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In a 1508 German book on arithmetic for merchants, this image appears on the cover (high resolution and context here):

enter image description here

What is this depicting? Who are these people and what are their roles? In particular, what are the symbols on the table? What is happening?

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  • $\begingroup$ Two observations: (1) the left person might be doing a multiplication: 12 * 32. (2) below the picture (see high resolution link) there seems to be handwriting with numbers (maybe an explanation?)—I can't decipher the handwriting. $\endgroup$
    – Michael
    May 3 at 17:49
  • $\begingroup$ Behold. $\endgroup$ May 3 at 19:41
  • $\begingroup$ All three seem to be computing something, two using a big horizontal blackboard, and one with his little portable board. $\endgroup$ May 4 at 21:37

3 Answers 3

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The image appears to depict a counting board. Since the context is mercantilism, it is most likely depicted being used by tax collectors or accountants. The symbols are most likely stylizations.

enter image description here

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    $\begingroup$ Wonderful find, @nwr! :) This German Wikipedia entry has a picture of a real-life "Rechentisch": de.wikipedia.org/wiki/Rechnen_auf_Linien ; it seems to have been used to convert between different currencies. This matches well with the book, which talks about converting between ducat, gulden, florin, groschen, etc. $\endgroup$
    – Michael
    May 3 at 17:59
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The image may depict the new form of doing arithmetic by writing numbers, as opposed to the old style of using the counting board.

Two image attestations around the same time.

  1. A 1503 print of Gregor Reisch's encyclopedia Margarita Philosophica. Under the entry for arithmetice, there's an image contrasting the old and new style of doing arithmetic. Note the banner saying "typus arithmeticæ".

enter image description here

  1. Two 1514 prints by the same publisher Öglin in Augsburg. The first book is about the counting board technique. The second book is about arithmetic by writing numbers.

enter image description here enter image description here

Technology

In terms of technology for the table surface and smaller writing board, I have thus far found no references from the 1500s. Today, we can find slate boards on which we write with chalk or some other form of soft stone.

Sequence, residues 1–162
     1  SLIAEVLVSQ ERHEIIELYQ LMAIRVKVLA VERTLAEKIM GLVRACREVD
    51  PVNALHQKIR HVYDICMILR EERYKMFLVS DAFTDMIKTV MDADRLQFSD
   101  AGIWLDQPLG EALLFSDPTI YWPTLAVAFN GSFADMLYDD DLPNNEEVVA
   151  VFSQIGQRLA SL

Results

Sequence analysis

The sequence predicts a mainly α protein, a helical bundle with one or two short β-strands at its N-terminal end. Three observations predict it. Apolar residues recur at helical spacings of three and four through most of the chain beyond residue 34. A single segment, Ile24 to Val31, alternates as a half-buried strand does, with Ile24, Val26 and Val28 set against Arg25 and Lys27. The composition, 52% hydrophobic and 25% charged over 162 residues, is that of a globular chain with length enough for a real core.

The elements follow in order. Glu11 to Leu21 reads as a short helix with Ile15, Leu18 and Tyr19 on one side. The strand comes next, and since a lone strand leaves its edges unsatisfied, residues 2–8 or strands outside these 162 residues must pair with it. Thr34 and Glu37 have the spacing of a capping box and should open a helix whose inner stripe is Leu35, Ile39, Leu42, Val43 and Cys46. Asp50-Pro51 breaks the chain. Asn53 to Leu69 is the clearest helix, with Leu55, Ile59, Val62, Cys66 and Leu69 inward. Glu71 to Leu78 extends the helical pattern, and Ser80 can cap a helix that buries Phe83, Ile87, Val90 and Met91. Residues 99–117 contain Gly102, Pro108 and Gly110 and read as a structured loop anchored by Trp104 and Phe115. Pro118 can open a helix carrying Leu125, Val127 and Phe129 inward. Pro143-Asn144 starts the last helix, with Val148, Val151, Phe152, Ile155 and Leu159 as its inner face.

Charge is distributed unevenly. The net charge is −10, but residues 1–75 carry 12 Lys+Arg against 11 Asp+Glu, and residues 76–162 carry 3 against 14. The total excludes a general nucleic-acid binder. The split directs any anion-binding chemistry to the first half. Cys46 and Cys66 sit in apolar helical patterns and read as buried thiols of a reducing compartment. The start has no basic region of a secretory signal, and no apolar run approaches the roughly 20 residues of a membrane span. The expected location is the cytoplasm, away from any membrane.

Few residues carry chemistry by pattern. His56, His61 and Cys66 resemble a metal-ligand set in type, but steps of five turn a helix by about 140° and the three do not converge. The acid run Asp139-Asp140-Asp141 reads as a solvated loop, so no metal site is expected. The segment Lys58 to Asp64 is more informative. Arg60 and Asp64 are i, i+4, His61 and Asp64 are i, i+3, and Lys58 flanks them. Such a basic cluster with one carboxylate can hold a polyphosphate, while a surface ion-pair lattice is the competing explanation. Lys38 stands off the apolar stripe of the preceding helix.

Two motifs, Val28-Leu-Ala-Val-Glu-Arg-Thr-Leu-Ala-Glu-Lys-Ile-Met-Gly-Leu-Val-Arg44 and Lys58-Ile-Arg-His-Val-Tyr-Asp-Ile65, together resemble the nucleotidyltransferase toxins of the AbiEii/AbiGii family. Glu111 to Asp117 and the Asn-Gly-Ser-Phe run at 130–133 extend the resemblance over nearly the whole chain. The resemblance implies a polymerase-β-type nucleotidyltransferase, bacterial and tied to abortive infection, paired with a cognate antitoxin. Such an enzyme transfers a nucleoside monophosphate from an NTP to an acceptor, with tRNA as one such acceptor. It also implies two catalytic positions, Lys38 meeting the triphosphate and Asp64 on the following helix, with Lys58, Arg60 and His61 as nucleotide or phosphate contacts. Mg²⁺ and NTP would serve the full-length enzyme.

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    $\begingroup$ Yes, I think you are correct here. The image which I had included in my post may show both methods, with the gentleman on the left performing the written calculation. You can accept your own answer if you are satisfied with your research. $\endgroup$
    – nwr
    May 5 at 16:48
  • $\begingroup$ @nwr Your answer made it possible for me to do my later research. I'll leave this question open for a bit. I'm still curious who these people are and attestations or guesses for the specific writing technology they use. Maybe they're Italian or Arab merchants—since the books has math problems mentioning Algiers, Constantinople, and Venice; besides Nürnberg and other German cities. $\endgroup$
    – Michael
    May 5 at 16:53
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It seems to depicture the page setting of a math book in the new technique developed by Johannes Gutenberg. If you look closely you can see the math letters. The year 1508 was within a gold rush period for printers.

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  • $\begingroup$ I like this theory, since it explains the symbols on the table and what looks like a small chalkboard. Do you know if there are any pictures extant of people using this "page setting technique"? $\endgroup$
    – Michael
    May 4 at 12:41
  • $\begingroup$ I doubt this very much. The man on the left seems to hold a piece of chalk for writing in his hand and the man on the right seems to place a "calculus" pebble (or both do the same of either of these actions). After all, isn't it most likely that such a frontispiece depicts the very subject of the book? $\endgroup$ May 4 at 19:14
  • $\begingroup$ @Hagen I agree, it would not fit the context of the book. Yet, the image also doesn't quite look like the "Rechentisch" setup that we've seen thus far either. Something seems different here. $\endgroup$
    – Michael
    May 4 at 21:51

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